“Because they represent an unusual context and differ in so many ways from groups based within organizations, musical groups may provide insights missed in traditional organizational studies,” the researchers noted.

Each band member was assigned one of five lifestyle variable codes: never married; first marriage; divorced; second marriage; and living together but not married. Band members’ gender, ethnicity, age and tenure were assigned as diversity control variables, and group-level diversity scores were calculated.

Conlon and Jehn then examined these scores against each band’s popular and creative, or critical, success over the years.

The longer band members were together, “the more having a blended mix of people helped their musical success,” Conlon told MSU Today.

From Backstage to C-Suite

But will the benefits of marital diversity in rock arenas and recording studios hold true in buttoned-up boardrooms?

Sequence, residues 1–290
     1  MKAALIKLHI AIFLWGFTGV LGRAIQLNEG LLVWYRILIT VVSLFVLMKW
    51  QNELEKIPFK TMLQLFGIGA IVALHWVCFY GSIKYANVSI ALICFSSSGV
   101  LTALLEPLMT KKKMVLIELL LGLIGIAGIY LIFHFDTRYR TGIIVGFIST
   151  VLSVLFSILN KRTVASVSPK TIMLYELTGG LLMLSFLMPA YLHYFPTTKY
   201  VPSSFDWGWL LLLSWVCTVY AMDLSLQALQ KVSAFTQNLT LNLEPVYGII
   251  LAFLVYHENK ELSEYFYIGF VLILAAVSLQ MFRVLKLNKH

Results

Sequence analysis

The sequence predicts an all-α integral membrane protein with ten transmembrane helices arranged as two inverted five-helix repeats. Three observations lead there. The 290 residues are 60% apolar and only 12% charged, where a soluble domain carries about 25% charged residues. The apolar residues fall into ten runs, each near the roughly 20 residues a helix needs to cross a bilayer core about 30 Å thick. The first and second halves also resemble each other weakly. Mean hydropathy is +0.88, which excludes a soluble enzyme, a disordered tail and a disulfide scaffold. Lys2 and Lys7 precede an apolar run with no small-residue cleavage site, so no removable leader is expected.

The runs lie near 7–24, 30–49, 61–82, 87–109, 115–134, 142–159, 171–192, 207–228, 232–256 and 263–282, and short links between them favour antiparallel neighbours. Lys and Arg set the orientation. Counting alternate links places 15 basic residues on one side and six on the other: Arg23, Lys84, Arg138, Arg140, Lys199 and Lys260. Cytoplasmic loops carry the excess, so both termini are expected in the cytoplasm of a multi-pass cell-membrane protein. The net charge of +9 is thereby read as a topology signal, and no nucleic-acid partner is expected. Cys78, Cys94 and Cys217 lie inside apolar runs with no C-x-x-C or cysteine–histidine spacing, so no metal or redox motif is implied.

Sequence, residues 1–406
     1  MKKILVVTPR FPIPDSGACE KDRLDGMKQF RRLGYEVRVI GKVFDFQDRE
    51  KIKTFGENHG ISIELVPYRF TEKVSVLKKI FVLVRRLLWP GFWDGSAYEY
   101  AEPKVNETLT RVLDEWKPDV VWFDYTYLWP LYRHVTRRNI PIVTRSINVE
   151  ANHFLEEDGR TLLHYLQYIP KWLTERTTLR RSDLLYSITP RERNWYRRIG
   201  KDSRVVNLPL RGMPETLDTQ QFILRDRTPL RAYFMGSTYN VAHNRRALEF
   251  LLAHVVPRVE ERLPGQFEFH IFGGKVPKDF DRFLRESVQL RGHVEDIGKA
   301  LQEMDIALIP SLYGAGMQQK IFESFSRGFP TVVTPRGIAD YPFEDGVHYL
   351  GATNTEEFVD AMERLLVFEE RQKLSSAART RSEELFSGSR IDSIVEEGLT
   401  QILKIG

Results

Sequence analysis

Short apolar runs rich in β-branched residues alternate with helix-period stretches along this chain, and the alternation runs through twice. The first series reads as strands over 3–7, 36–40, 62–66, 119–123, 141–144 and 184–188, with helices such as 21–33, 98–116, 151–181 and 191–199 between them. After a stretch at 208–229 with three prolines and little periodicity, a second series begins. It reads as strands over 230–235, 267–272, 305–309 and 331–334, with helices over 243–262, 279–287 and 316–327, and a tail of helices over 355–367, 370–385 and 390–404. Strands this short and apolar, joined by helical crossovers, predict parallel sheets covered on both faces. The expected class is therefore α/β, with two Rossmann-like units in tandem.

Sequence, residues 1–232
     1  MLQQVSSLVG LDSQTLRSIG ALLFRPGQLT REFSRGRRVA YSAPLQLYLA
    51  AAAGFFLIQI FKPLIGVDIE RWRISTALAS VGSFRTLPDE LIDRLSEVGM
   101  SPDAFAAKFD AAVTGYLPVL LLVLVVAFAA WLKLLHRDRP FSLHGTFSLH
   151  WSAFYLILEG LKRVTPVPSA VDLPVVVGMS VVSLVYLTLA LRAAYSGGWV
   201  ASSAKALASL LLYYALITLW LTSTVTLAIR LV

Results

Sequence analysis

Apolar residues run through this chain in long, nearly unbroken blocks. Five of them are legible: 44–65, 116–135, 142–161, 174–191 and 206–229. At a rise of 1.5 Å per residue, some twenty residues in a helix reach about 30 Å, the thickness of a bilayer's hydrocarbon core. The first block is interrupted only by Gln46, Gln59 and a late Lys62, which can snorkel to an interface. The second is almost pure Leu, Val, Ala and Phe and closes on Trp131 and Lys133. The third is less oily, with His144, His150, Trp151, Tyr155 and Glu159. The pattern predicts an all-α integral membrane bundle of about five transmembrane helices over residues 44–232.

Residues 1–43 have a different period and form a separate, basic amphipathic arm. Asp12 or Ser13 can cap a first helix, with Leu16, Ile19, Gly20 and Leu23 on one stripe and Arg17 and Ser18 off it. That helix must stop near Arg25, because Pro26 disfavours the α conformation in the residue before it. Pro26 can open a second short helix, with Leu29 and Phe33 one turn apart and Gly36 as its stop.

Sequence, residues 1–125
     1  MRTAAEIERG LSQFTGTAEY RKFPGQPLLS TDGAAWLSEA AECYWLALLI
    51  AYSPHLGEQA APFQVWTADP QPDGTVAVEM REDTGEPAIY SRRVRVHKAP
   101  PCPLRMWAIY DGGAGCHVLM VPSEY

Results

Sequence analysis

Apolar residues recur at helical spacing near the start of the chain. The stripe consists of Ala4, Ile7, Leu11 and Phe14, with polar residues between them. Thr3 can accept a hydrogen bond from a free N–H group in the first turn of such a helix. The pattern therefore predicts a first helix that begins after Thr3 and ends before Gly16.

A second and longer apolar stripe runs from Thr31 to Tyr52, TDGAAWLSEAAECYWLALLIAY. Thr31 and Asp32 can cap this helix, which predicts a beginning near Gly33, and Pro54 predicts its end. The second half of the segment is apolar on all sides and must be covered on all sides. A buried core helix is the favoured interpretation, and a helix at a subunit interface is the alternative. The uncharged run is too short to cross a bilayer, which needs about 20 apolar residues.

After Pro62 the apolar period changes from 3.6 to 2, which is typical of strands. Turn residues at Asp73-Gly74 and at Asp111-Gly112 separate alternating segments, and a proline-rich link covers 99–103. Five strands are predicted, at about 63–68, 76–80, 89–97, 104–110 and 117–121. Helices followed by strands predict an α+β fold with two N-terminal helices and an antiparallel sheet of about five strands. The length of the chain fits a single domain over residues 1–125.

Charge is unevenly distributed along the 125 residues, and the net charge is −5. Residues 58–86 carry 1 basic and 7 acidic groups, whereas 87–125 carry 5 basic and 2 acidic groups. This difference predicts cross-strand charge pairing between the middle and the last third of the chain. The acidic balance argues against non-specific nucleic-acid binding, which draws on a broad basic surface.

Conlon and Jehn conducted a follow-up study focusing on MBA students in Australia and found similar results. Most of the students were full-time workers enrolled part time in the graduate program.

Students were randomly assigned to teams to work on a 12-week consulting project. As with the first study, researchers calculated group-level diversity scores and then measured each team’s performance on the project.

Teams with more marital diversity received higher evaluations than teams with less marital diversity the longer they worked on the project, the study showed.

“Different backgrounds, experiences and perspectives associated with different life situations and choices may help the members engage in deeper information processing and more divergent thinking, allowing for more creative and exciting end products,” Conlon and Jehn wrote.

“In short, these groups were able to leverage their lifestyle diversity. They likely generated more alternatives given their varied resources and were able to make informed decisions that led to good outcomes.”

Category: Strategic Leadership and Management